One of the big projects that I plan on tackling in the next few weeks is making individual baby food containers for my daughter by boiling up and pureeing various vegetables and fruits. My plan for this is to save her current baby food containers until we have a big pile of them, clean them all, then boil and puree some vegetables and a bit of water together and put a nice helping into each one. I’ll freeze them all, then move several at a time to the fridge to thaw and then feed to her.
We did this a bit with my son and it was a rousing success. Of course, at that time we had to use the tiny freezer on top of our fridge to store these and there wasn’t much room. Now we have a deep freezer which can hold a lot more little containers of pureed food.
Thought some of you frugal folks might find that interesting. Here are some other personal finance posts of interest.
My stress level was one of the biggest factors that finally pushed me over the top to committing to being a writer/stay-at-home parent and walking away from my “real” job. There were many days where the stress would almost paralyze me, mostly because I often felt like I had way too much on my plate and little direct control over it. (@ )
This is some truly excellent discussion and advice on the issue of identity theft, well worth reading if it’s ever concerned you. (@ )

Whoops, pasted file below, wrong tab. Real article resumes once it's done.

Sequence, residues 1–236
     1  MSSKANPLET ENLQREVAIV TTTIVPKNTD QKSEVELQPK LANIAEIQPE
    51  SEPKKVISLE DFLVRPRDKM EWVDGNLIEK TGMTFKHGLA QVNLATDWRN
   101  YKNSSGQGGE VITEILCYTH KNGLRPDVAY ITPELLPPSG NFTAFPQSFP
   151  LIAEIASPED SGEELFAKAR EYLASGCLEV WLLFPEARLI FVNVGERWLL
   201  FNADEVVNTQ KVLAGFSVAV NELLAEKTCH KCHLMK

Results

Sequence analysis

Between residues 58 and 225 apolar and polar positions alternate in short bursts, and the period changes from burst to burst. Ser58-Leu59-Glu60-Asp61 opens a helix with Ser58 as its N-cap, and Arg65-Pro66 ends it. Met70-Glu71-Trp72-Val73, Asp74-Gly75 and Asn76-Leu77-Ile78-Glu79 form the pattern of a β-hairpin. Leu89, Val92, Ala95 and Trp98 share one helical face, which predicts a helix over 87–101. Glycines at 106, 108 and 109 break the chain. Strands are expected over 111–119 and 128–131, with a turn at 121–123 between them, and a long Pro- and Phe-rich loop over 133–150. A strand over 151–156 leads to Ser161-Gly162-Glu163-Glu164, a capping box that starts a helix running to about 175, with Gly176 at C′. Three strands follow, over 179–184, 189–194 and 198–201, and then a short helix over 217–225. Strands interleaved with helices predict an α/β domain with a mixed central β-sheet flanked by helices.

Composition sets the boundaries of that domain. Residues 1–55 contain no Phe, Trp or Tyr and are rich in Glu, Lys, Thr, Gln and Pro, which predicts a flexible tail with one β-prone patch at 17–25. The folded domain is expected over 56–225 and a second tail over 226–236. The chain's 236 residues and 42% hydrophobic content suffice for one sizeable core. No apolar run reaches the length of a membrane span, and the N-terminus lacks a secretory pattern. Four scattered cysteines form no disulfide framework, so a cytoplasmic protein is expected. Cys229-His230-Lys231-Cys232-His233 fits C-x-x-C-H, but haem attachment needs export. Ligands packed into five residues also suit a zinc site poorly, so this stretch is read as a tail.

I’ve found that setting aside time specifically for the personal things I want to do works well for me. I have a block of time each day that is for family and nothing else. (@ )
If you’re in a two-income household and the answer to this is “no,” life is scary. I know – I was once in that situation, and I never, ever want to go back. (@ )
This is a brilliant idea for anyone feeling stifled by their career. In fact, I’m planning at least two “one-day sabbaticals” once the new routine works itself out. (@ )
I only feel bad if I know someone may have committed something financially dangerous to give me this gift. My grandmother is on Social Security, yet she always gives amazing gifts – I don’t know how she does it, but I do feel a big twinge of guilt when she gives me a gift. (@ )
How Do You Prepare for Enormous Debt? I think the best preparation is having a large emergency fund so that if you’re overwhelmed by the repayment some months, you don’t drown. (@ )
Some solid tips in here. (@ )
Most people don’t have the self-actualization necessary to simply say “This house is too big for us” and to sell it. (@ )